Scientists identify biomarkers in blood, revealing often-missed minor strokes
An interdisciplinary group of researchers at the Frances Payne Bolton School of Nursing at Case Western Reserve University have uncovered a new suite of human blood biomarkers which could someday help emergency clinicians quickly recognize whether someone is experiencing a stroke with a simple blood test.
While a viable test is probably still years away, the researchers have identified new biomarkers whose presence in the blood indicates damage to brain tissue, said Grant O'Connell, an assistant professor and director of the Biomarker and Basic Science Laboratory at the nursing school.
O'Connell and colleagues from the School of Nursing recently published their findings in the Proceedings of the National Academy of Sciences. Others on the research team, all students taught by O'Connell in the nursing Ph.D. program at the School of Nursing, were Megan L. Alder, Christine G. Smothers and Julia H. C. Chang.
Major strokes, minor strokes
The symptoms of a major stroke are readily apparent, often repeated in public service announcements as FAST—the acronym for Face drooping, Arm weakness, Speech slurred and Time to call 911.
However, O'Connell said, most strokes cannot be definitively diagnosed until revealed by advanced radiological tests at a hospital, such as an MRI or CT scan.
"You would think that a stroke would be really obvious, and that's true with severe strokes, but most strokes are actually minor (in terms of the initial symptoms)," O'Connell said. "Many people might just think that they're having a bad migraine, so they don't go to the hospital."
More importantly, it can be difficult for health care workers such as paramedics, nurses and physicians to recognize that a stroke is happening in this group of patients who have less obvious symptoms. Because stroke treatment is time-sensitive, this can lead to life-threatening delays in care.
"(Clinicians) don't have CT scanners or MRI in the back of an ambulance, or even in the emergency rooms of some of the smaller hospitals," O'Connell said. "Because of this, up to one-third of strokes are missed at the initial contact with a clinician, which delays treatment that could prevent death or disability."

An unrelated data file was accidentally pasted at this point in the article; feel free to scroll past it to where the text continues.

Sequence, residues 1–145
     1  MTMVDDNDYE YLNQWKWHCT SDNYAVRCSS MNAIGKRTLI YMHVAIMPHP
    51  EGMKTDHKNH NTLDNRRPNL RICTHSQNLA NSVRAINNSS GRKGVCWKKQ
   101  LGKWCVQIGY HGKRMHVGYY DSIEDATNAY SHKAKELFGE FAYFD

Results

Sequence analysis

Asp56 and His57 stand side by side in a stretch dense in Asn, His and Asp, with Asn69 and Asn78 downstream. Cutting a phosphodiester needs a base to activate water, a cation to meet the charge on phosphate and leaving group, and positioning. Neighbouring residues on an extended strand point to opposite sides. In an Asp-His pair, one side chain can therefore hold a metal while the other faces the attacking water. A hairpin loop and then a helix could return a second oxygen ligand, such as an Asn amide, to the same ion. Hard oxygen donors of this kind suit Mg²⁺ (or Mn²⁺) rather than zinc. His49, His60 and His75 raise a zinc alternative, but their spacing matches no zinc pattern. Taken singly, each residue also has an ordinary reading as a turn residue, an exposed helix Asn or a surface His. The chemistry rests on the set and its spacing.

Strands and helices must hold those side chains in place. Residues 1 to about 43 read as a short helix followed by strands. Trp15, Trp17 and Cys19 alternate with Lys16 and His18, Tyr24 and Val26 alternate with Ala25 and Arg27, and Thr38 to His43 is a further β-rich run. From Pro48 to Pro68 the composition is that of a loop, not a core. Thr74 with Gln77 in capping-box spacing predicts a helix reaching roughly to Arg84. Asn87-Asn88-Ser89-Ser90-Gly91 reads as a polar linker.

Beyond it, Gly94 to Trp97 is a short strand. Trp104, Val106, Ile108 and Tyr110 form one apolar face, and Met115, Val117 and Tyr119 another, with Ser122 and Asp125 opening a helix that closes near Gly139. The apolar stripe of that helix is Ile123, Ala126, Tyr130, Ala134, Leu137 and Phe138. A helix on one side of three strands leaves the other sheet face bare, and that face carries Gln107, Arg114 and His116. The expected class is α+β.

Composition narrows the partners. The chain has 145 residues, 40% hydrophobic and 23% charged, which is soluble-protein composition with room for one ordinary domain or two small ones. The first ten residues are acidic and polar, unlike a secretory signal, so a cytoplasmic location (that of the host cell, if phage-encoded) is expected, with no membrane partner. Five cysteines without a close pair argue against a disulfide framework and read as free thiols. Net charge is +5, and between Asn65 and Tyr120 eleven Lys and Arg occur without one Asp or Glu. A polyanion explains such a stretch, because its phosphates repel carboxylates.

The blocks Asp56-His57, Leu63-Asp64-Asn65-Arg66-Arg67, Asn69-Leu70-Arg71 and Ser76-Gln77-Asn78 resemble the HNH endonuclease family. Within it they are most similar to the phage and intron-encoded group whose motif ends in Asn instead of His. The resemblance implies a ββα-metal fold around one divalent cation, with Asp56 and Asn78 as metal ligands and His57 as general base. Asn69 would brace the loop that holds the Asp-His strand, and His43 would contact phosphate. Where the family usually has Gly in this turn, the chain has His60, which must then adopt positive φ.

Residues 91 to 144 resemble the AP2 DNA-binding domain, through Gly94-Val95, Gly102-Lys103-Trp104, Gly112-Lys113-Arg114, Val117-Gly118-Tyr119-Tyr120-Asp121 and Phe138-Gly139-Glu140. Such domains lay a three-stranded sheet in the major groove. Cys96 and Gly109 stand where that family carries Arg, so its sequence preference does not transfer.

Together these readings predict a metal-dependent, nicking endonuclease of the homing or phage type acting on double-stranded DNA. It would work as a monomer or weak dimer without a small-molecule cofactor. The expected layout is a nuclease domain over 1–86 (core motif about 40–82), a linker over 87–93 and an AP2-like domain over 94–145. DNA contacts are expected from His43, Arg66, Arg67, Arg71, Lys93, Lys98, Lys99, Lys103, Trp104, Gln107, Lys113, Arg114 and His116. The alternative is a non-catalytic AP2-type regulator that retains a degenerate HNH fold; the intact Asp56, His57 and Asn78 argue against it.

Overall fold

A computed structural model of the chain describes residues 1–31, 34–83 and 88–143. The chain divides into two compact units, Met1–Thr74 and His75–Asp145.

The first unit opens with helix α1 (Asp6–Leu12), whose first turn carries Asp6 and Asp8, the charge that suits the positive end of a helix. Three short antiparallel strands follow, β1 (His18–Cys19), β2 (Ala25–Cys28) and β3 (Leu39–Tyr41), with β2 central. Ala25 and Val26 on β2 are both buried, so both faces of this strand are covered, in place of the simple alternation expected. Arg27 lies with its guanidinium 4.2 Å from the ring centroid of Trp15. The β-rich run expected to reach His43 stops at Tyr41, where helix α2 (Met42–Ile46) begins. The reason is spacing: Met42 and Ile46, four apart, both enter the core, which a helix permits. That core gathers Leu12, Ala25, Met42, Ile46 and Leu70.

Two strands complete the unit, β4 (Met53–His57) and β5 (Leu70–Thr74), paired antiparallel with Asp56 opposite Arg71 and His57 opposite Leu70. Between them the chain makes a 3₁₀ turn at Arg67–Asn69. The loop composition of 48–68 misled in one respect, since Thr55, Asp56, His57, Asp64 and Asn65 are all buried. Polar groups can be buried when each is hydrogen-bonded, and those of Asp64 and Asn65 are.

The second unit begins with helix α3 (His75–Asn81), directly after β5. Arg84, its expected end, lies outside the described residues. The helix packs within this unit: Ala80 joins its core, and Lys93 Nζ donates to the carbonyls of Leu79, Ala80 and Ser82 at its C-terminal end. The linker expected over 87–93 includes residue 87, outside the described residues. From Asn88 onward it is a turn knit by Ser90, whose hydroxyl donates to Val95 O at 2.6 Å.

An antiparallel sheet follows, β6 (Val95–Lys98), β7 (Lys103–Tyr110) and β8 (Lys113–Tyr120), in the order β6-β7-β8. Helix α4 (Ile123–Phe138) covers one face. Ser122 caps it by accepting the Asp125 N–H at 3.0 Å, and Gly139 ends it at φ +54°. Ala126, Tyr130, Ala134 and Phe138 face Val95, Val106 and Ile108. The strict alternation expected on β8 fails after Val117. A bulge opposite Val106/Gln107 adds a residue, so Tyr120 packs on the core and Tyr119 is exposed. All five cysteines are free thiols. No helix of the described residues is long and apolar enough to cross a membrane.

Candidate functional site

The discovery of blood biomarkers associated with stroke could be an avenue to avoid such delays, he said.
"If we had a blood test to tell us right away if someone is having a stroke, that could make a huge difference in patient care," O'Connell said.
Finding new biomarkers
The idea of finding biomarkers for brain damage, such as the damage caused by stroke, in the blood is not new. In fact, the problem with advancing the technique was more that the data were old, O'Connell said.
Neurodiagnostic researchers have known for years that if proteins can be identified that are only expressed within the brain, their detection in the blood could indicate that there is damage to the brain tissue.
"But what we've started to realize is that the proteins we study as candidate biomarkers had been identified some 20 to 40 years ago," O'Connell said. "And it turns out that a lot of these proteins aren't as specific to the brain as we thought because we're now seeing them expressed in other organs, so it could look like you've had a brain injury and you didn't."
The Frances Payne Bolton team used a custom developed algorithm to assess gene expression patterns in thousands of tissue samples from the brain and other organs to identify proteins which could serve as more specific biomarkers of neurological damage. The analysis revealed up to 50 new possible markers, several of which were subsequently measured and successfully detected in the blood of a cohort of patients with stroke, O'Connell said.
"This could open up the door to a whole new wave of biomarker research," he said, "and that could lead to clinically useful tests (if we can) validate the findings."